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Why are industry associations so scared of competition?

The huge number of international trade associations serving the meetings and events industry does not serve the interests of the industry as a whole and does not serve the interests of members.

It would be an abuse of power to name every industry association in full, but here are some initialisms you might be familiar with: ICCA, PCMA, MPI, UFI, IAPCO, SITE, UIA, AIPC, IACC, IAEE, ILEA, IAVM, IFEA…

To be clear, these are just the ‘international’ organisations. There are dozens more national and regional associations for event professionals to choose from.

Organisations like the Joint Meetings Industry Council and the US-based Meetings Mean Business are attempts to make sense of this alphabet spaghetti and provide some overarching leadership. But ultimately they, too, can be filed under: Organisations To Do With The Meetings Industry.

Where there are too many associations operating in the same market we might expect to see numbers decline through natural selection. Survival of the fittest, in other words. We might, at any rate, expect to see the odd merger.

In the meetings industry that doesn’t seem to be happening. Instead we are seeing more formalised collaborations between associations – the latest being The Global Alliance. This is the rather grandiose name given to a content-sharing partnership between ICCA, UFI and AIPC. Why it needed its own name is beyond me. Maybe it was taking its cue from the Global MICE Collaborative, launched in October last year, which saw SITE, MPI and IAEE join forces to ‘foster the growth of the meetings and events industry in emerging markets’. Everything’s global nowadays.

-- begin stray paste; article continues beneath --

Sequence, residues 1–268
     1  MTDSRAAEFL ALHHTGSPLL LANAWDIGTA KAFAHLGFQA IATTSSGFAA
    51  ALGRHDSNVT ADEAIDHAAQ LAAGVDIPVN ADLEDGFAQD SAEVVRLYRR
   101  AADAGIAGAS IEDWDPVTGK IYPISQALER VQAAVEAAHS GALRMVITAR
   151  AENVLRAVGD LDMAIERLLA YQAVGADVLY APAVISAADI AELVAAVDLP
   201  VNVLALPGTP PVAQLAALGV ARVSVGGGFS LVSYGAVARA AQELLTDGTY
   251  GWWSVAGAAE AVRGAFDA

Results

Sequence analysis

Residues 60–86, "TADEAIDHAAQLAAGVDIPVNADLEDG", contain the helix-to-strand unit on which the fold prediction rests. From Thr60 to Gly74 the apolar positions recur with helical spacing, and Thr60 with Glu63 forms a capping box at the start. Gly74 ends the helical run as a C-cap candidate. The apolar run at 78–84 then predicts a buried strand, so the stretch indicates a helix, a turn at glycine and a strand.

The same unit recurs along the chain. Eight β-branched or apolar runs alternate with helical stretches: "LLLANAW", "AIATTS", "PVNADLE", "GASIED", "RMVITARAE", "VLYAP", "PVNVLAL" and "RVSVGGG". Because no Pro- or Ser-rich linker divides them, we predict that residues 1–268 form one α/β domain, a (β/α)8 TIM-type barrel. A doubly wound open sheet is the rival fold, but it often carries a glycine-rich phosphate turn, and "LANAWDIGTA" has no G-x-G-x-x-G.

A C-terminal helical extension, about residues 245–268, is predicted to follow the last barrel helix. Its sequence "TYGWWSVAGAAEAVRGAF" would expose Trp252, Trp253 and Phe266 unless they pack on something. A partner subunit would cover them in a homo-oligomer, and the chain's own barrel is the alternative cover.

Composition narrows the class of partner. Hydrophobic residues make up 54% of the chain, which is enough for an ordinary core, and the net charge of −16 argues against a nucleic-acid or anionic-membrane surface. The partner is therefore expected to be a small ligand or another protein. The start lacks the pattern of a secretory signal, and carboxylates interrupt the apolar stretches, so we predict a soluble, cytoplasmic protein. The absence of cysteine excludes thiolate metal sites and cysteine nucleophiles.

What is going on here?

The Global Alliance says its purpose is twofold: to provide ‘a more unified voice’ for the industry as a whole and to advance the ‘interests and benefit’ of members through smarter alignment. But, let’s be honest, its purpose is also to  help ensure the survival of the participating associations. To mitigate against competition. In fact, UFI president Craig Newman admits as much.

“As the business models of exhibitions, congresses, conferences, evolve, the overlap of global associations servicing the industry is growing even further. This carries the risk of competition replacing collaboration as the driving force for industry associations. With our Global Alliance, the three of us choose value for our members, choose collaboration over competition.”

It is laudable that ICCA, UFI and AIPC are working to minimise the overlap between their organisations, but it would be better still if members didn’t have to pay dues to multiple associations, or be forced to choose between them. And it would better help the industry speak with one voice if there were fewer voices speaking in the first place. Rather than these formal partnerships, which ultimately just add to the noise and confusion, it is time we saw genuine consolidation among meetings industry associations – or else a battle for survival red in tooth and claw.